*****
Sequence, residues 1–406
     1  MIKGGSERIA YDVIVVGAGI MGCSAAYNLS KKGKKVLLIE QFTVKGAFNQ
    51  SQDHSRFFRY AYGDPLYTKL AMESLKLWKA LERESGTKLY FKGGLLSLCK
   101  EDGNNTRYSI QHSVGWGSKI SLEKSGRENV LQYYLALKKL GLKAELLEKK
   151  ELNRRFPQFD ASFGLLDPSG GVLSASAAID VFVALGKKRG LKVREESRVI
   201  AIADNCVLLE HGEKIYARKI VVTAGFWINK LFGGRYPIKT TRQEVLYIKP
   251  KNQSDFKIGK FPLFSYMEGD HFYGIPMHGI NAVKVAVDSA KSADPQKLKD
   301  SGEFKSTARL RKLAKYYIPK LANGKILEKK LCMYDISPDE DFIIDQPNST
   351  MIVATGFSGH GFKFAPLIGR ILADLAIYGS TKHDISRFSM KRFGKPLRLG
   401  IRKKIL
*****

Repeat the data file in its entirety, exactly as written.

Sequence, residues 1–406
     1  MIKGGSERIA YDVIVVGAGI MGCSAAYNLS KKGKKVLLIE QFTVKGAFNQ
    51  SQDHSRFFRY AYGDPLYTKL AMESLKLWKA LERESGTKLY FKGGLLSLCK
   101  EDGNNTRYSI QHSVGWGSKI SLEKSGRENV LQYYLALKKL GLKAELLEKK
   151  ELNRRFPQFD ASFGLLDPSG GVLSASAAID VFVALGKKRG LKVREESRVI
   201  AIADNCVLLE HGEKIYARKI VVTAGFWINK LFGGRYPIKT TRQEVLYIKP
   251  KNQSDFKIGK FPLFSYMEGD HFYGIPMHGI NAVKVAVDSA KSADPQKLKD
   301  SGEFKSTARL RKLAKYYIPK LANGKILEKK LCMYDISPDE DFIIDQPNST
   351  MIVATGFSGH GFKFAPLIGR ILADLAIYGS TKHDISRFSM KRFGKPLRLG
   401  IRKKIL